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Blocking Alzheimer’s Disease Process by Blocking Specific Protein

By BiotechDaily International staff writers
Posted on 13 May 2013
Scientists have discovered a potential approach for developing treatments to stop the disease process in Alzheimer’s disease (AD). The strategy is based on unclogging and removing the toxic debris that gathers in patients’ brains, by suppressing activity of a little-known regulator protein called CD33.

“Too much CD33 appears to promote late-onset Alzheimer’s by preventing support cells from clearing out toxic plaques, key risk factors for the disease,” explained Rudolph Tanzi, PhD, of Massachusetts General Hospital (Boston, MA, USA) and Harvard University (Cambridge, MA, USA), a grantee of the US National Institutes of Health’s (NIH; Bethesda, MD, USA) National Institute of Mental Health (NIMH) and National Institute on Aging (NIA).“Future medications that impede CD33 activity in the brain might help prevent or treat the disorder.”

Dr. Tanzi and colleagues reported their findings April 25, 2013, in the journal Neuron. Variation in the CD33 gene appeared as one of four prime suspects in the largest genome-wide dragnet of Alzheimer's-affected families, reported by Dr. Tanzi and colleagues in 2008. The gene was known to make a protein that controls the immune system, but its function in the brain remained elusive. To find out how it might contribute to AD, the researchers conducted human genetics, biochemistry, and human brain tissue, mouse, and cell-based research.

The scientists found over-expression of CD33 in support cells, called microglia, in postmortem brains from patients who had late-onset AD, the most typical form of the disorder. The more CD33 protein on the cell surface of microglia, the more beta-amyloid proteins and plaques had accumulated in their brains. Moreover, the researchers discovered that brains of people who inherited a version of the CD33 gene that protected them from AD noticeably exhibited reduced amounts of CD33 on the surface of microglia and less beta-amyloid.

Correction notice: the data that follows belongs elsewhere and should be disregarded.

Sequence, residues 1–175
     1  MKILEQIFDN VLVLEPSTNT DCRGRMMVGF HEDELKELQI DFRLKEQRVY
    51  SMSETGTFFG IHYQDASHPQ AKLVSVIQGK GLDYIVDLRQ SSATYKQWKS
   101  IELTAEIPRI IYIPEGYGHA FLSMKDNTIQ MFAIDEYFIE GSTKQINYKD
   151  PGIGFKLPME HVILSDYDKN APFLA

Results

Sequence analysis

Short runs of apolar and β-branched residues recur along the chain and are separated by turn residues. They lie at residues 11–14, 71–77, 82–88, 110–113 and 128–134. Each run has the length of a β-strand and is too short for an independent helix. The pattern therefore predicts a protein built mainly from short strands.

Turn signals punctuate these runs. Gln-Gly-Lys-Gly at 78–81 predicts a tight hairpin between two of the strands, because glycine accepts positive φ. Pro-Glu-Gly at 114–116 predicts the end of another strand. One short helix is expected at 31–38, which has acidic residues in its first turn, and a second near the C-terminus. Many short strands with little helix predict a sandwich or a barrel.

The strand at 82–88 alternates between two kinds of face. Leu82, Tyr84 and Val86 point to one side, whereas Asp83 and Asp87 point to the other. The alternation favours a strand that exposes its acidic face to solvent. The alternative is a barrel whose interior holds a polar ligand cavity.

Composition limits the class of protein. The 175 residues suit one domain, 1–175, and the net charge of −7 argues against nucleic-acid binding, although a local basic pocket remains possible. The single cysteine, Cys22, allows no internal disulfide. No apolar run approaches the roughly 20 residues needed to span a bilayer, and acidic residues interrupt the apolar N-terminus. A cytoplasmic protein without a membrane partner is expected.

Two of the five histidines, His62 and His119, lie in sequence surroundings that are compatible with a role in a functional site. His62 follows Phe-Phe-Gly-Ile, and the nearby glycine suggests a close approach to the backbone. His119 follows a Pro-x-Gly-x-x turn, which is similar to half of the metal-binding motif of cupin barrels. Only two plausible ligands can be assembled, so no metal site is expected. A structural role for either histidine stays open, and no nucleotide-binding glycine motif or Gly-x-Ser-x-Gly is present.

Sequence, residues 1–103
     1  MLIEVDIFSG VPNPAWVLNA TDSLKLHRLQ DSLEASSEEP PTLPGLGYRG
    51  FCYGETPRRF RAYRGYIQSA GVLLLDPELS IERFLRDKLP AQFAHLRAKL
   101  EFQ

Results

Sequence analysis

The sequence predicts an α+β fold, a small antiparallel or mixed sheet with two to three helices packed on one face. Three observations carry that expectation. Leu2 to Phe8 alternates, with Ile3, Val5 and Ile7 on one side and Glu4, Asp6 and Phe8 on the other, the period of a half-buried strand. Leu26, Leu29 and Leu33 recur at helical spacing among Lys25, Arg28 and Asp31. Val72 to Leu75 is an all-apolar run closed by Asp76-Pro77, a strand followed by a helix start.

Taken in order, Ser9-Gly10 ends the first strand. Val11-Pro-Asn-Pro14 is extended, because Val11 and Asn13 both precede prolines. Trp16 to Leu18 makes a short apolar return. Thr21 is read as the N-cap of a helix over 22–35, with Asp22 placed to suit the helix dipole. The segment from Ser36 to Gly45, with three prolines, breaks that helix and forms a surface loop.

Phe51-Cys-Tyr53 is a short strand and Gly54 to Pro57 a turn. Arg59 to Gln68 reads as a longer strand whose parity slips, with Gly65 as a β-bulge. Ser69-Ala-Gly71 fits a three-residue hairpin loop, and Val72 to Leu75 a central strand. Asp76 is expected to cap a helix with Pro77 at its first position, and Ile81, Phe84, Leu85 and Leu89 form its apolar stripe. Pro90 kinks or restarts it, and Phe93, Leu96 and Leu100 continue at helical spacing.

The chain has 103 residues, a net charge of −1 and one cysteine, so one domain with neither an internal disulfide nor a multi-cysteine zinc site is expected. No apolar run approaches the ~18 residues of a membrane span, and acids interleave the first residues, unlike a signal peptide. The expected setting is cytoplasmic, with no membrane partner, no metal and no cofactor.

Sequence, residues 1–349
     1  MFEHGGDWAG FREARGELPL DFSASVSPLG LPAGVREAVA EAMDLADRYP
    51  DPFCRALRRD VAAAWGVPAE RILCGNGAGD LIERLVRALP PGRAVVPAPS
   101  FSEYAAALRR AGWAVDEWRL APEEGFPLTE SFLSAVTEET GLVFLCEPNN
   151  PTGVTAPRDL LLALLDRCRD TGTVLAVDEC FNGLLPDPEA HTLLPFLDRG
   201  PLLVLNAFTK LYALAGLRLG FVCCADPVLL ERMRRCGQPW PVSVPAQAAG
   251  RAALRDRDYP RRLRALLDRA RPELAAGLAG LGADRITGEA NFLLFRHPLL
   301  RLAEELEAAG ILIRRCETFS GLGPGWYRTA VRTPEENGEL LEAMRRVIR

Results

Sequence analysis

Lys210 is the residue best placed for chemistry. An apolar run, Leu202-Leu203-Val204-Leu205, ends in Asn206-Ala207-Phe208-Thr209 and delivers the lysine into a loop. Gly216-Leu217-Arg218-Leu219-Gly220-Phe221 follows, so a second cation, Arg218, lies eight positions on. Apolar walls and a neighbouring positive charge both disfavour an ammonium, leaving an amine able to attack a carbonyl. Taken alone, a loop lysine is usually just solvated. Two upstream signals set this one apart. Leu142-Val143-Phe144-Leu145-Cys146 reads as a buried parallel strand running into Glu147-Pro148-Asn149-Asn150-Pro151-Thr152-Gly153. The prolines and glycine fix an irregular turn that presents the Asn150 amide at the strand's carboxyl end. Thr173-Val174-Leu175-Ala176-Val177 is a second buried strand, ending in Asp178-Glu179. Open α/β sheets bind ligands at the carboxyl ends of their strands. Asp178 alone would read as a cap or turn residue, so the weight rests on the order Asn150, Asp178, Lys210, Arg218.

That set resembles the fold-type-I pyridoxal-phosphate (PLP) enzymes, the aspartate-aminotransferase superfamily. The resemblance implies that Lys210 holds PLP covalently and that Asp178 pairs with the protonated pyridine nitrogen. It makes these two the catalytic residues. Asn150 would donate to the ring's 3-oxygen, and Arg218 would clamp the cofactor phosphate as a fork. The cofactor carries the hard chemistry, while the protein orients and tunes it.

Brain levels of beta-amyloid and plaques were also significantly decreased in mice modified to under-express or lack CD33. Microglia cells in these animals were more effective at clearing out the debris, which the researchers tracked to levels of CD33 on the cell surface.

New findings also suggested that CD33 works in league with another AD risk gene in microglia to regulate inflammation in the brain. The study’s findings, as well as those of a recent lab rodent study that replicated numerous characteristics of the human disorder, add support to the prevailing theory that accumulation of beta-amyloid plaques are hallmarks of Alzheimer’s pathology. They come at a time of upheaval in the field, triggered by other recent contradictory findings suggesting that these reputed offenders might instead play a protective role.

Because increased CD33 activity in microglia impaired beta-amyloid clearance in late onset AD, Dr. Tanzi and colleagues are now searching for agents that can cross the blood-brain barrier and block it.

Related Links:

Massachusetts General Hospital
National Institute of Mental Health



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